• HPV triage is under consideration in Scotland and Wales
  • HPV 'test of cure' at six months for all women treated for CIN has been introduced across the UK to effectively identify women at risk of serious recurrent disease in the future[5].
  • In 2016 the UK National Screening Committee (NSC) recommended that the NHS cervical screening programme should adopt HPV testing for primary screening, as it is more sensitive than cytology and its use will reduce the number of women going on to have cytology screening[6].
  • There is compelling evidence that many women become very anxious when they are called to attend for colposcopy. Accurate and clear information is important to allay anxiety.
  • Simple analgesia one hour before the procedure is sometimes recommended. Paracetamol or non-steroidal anti-inflammatory drugs (NSAIDs) may be used but NSAIDs may increase bleeding from any procedure, due to the antiplatelet effect of these drugs.
  • Sometimes sedation or (rarely) general anaesthetic (most often due to patient choice) is required.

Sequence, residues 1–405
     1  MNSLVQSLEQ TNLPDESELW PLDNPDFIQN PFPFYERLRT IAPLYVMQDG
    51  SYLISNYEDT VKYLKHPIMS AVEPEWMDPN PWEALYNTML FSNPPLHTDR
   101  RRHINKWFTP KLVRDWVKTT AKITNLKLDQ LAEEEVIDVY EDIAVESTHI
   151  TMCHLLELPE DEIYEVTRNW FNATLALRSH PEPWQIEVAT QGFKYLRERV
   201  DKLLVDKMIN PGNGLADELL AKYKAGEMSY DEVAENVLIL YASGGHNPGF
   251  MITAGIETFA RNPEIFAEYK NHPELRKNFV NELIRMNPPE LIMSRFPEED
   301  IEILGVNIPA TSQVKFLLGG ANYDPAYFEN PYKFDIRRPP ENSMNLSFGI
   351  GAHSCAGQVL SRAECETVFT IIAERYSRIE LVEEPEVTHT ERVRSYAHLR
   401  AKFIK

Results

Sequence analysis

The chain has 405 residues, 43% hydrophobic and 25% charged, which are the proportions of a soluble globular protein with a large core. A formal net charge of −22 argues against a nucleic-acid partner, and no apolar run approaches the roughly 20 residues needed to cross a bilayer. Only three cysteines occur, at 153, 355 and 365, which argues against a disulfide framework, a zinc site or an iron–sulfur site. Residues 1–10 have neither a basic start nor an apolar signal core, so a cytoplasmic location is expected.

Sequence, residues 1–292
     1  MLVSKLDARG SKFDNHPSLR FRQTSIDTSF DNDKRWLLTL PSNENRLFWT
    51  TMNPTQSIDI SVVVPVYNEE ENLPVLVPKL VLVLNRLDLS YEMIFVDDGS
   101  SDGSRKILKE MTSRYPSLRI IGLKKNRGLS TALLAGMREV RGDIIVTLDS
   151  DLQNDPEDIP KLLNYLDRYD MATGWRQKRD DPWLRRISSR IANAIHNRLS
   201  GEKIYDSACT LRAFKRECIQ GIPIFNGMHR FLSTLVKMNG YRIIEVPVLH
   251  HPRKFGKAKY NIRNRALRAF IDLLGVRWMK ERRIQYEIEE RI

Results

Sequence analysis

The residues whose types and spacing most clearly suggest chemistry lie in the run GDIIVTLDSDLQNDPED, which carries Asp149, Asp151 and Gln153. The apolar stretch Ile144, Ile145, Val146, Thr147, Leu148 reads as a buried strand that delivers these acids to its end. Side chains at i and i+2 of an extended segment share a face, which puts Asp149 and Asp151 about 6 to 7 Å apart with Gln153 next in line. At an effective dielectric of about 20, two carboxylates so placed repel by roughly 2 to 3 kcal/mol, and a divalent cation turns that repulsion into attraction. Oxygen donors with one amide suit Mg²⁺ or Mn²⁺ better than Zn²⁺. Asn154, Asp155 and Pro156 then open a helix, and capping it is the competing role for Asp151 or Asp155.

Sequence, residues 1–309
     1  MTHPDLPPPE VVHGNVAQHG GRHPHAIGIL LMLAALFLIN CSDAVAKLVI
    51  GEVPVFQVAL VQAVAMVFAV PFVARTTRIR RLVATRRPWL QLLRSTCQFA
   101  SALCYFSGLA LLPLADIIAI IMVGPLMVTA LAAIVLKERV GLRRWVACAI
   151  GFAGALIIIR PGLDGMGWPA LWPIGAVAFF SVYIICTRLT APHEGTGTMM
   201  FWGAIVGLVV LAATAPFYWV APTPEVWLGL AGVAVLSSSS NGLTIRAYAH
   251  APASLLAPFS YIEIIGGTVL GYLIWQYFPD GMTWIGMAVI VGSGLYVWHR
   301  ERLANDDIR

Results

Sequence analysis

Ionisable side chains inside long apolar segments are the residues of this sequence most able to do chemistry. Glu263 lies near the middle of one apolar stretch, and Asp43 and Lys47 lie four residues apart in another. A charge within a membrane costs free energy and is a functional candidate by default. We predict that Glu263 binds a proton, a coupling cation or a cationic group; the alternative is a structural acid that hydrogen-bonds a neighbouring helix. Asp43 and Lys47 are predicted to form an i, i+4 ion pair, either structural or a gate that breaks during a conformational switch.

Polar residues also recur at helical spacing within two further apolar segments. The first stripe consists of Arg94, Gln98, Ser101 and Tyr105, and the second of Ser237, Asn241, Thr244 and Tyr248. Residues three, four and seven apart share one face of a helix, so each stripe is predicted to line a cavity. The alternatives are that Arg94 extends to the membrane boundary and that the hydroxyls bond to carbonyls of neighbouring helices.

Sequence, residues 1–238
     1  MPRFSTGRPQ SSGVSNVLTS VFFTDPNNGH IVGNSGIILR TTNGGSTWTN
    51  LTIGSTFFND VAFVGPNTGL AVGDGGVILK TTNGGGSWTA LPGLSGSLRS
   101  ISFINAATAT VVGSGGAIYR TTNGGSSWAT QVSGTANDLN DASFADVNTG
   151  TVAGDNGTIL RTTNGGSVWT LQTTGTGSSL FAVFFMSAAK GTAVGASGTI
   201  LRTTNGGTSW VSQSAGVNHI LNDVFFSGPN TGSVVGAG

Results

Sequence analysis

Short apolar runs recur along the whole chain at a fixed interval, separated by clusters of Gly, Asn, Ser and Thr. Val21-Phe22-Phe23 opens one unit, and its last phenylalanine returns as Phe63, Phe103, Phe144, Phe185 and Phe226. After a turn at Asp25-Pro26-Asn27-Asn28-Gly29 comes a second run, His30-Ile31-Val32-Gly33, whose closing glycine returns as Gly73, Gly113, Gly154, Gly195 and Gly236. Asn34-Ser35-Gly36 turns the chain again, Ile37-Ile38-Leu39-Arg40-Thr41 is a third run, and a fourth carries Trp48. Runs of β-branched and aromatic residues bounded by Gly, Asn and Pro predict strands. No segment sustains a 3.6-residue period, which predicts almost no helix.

• Consider that any woman who appears unusually anxious or upset may be a survivor of childhood or adult sexual assault[7].
  • Some colposcopists prefer not to colposcope a woman who is menstruating but this isn't a contra-indication to the procedure.
  • The patient sits in a reclining chair in lithotomy position. A speculum is inserted to visualise the cervix.
  • The cervix is stained with acetic acid in the area of the transformation zone (TZ) to identify the site, grade and shape of any abnormal area of cells. The solution is applied using a long-handled cotton bud. Abnormal dyskaryotic/dysplastic cells will stain white, referred to as 'aceto-white'; generally, the more dense the white area becomes, the higher the grade of abnormality.